Or at least that's how I feel now, sitting on the comfy couch and stuffing my face with pretzels. Twenty-four hours ago as I was struggling up the mountain, I felt quite a bit differently.
The Mount Marathon Race takes place down in Seward, my old stomping ground. It's a steep and obstinate climb, with grades up to 60%, and yesterday it was raining so that the bottom half of the course was muddy and slick.
|Mt. Marathon as seen from the starting area 15 minutes before the start of the women's race. Note how everyone has on heavy coats.|
That's my bright pink arm warmer peeking out of my down jacket.
My goal? To complete the race without injury. Sounds simple? Umm, not so much.
It was raining and about 49 degrees when we reached Seward. I picked up my bib and race chip and stood on the sidelines watching the last of the Junior racers finish. I refused to take off my winter coat until the last minute. (Yes, a winter coat in July. Welcome to Alaska, people.)
|Notice the clenched hands against the cold, and this was at the bottom of the mountain.|
Then we hit the mountain and the root section, where you basically scramble straight up, with nothing to grasp but wet roots and slippery rock, and the top women slipped out of sight. Still, it was glorious to see the backs of their heads for a bit.
|Root section on a dry race day. Imagine it wet, muddy and slick.|
I got stuck on a rock and couldn't reach the next handhold so I yelled to the woman behind me, "Please boost me up by the rear, okay?" And that woman, bless her heart, cupped my behind in her strong and capable hands and gave me a big shove to the next hold.
From then on it was an uphill slog through the mud. We slipped and fell, slipped and fell and trudged on. I loved this part. I love the mud, love getting dirty. And because we were sheltered by trees, the weather was warmish enough that I began to sweat.
Then we hit the halfway point and popped out of the trees. Below us, Resurrection Bay stretched out, and above us, the second half of the mountain waited.
The wind also waited, and it was strong enough to practically knock us off the trail at points. It was also cold, so cold that my teeth chattered. This was when I began to wonder what in the hell I was doing racing up a mountain when I could be home lying on the couch reading a good book.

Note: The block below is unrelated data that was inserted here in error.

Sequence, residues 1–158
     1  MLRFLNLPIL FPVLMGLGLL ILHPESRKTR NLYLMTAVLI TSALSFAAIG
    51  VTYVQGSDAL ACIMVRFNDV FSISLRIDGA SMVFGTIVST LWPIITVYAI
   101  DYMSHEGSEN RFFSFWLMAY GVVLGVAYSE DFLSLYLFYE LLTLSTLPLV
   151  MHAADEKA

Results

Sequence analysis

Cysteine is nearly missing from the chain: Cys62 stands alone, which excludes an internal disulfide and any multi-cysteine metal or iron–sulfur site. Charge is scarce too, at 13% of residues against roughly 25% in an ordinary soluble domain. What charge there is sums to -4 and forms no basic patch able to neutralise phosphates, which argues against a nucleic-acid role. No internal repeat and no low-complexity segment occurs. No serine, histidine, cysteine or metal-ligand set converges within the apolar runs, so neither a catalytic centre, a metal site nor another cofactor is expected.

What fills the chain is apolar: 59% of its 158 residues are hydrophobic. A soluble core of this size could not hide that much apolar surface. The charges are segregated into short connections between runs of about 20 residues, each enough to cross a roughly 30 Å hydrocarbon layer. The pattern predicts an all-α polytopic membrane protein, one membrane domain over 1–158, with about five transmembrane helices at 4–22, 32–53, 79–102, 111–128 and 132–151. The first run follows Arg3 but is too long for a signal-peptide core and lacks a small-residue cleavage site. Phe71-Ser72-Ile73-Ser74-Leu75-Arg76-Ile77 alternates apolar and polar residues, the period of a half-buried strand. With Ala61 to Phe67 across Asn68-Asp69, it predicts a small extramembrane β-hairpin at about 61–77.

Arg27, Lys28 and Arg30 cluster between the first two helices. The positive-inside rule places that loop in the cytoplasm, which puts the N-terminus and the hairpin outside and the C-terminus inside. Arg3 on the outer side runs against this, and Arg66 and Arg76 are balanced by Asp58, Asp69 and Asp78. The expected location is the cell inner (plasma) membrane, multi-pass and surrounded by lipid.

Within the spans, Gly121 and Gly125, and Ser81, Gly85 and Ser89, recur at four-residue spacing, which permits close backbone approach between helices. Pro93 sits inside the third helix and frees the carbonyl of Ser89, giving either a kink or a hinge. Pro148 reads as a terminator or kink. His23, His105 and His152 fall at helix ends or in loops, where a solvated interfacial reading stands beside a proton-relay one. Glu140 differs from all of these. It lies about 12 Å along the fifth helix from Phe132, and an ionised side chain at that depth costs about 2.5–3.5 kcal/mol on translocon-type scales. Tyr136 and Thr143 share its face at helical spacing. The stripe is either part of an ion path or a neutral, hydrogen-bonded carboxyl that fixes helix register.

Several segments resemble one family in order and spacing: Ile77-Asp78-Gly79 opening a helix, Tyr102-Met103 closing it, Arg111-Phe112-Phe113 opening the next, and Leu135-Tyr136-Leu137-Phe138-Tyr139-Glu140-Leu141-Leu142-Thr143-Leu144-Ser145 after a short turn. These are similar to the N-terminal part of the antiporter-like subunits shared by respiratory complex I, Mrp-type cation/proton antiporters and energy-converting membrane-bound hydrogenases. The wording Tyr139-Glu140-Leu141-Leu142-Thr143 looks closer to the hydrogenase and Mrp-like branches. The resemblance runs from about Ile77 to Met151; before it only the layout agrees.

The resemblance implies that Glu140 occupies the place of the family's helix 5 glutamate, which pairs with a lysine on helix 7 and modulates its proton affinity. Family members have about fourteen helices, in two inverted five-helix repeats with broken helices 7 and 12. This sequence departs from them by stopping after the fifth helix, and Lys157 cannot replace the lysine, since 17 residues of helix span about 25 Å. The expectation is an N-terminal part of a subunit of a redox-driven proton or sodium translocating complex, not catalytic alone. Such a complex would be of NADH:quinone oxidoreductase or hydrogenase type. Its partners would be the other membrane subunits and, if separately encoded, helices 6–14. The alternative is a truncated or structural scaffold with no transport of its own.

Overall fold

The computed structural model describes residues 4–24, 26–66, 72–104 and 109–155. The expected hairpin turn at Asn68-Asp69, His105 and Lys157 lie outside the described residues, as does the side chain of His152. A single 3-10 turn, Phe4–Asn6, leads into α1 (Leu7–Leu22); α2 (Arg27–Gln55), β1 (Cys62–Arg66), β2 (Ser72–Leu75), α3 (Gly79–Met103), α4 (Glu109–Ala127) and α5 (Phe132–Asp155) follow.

|That's me, fourth from the top of the photo, in the green shorts and bright pink arm warmers. See how most of us are leaning over in agony? Photo Credit: Alaska Dispatch/Loren Holmes|
Surprisingly, I made it to the top in just over 59 minutes, my fastest time ever (the women's winner finished the whole race in about 53 minutes). I rounded the rock and headed back down. Sadly, there was no snow to slide in; we had to run the whole long and steep and brutal way.
|Racers sliding down the snow slope in previous years: Wheeee! It is SO much fun.|
I took it really easy on the downhill, since I didn't want to fall or hurt myself; I have an 18-miler this weekend on my marathon schedule. Many, many women passed me (about 35) and I just sucked it up and yelled "Go for it," after each one flew by.
|Women racers head down the mountain. Source: Alaska Dispatch/Loren Holmes|
|Women racers running through screen. Source: Alaska Dispatch/Loren Holmes|
|Racers heading through the lower section of The Gut, a slippery area of trail that runs through a stream and includes slippery footing and rock jumps. Source: Alaska Dispatch/Loren Holmes|
Still, even with running the downhill conservatively I finished with a 40 second PR.
|About four blocks from the finish. Note that even though I'm exhausted, I'm still not heel striking. After a year of concentrating, my body has adapted to a midsole striker.|
|Crossing the finish line: Yippee! Photo Source: Wolfgang Kurtz|
I was a muddy mess, so I changed my clothes in the bakery bathroom and MM and I took a five mile hike over the Lost Lake Trail.
Hope everyone had a great Fourth of July.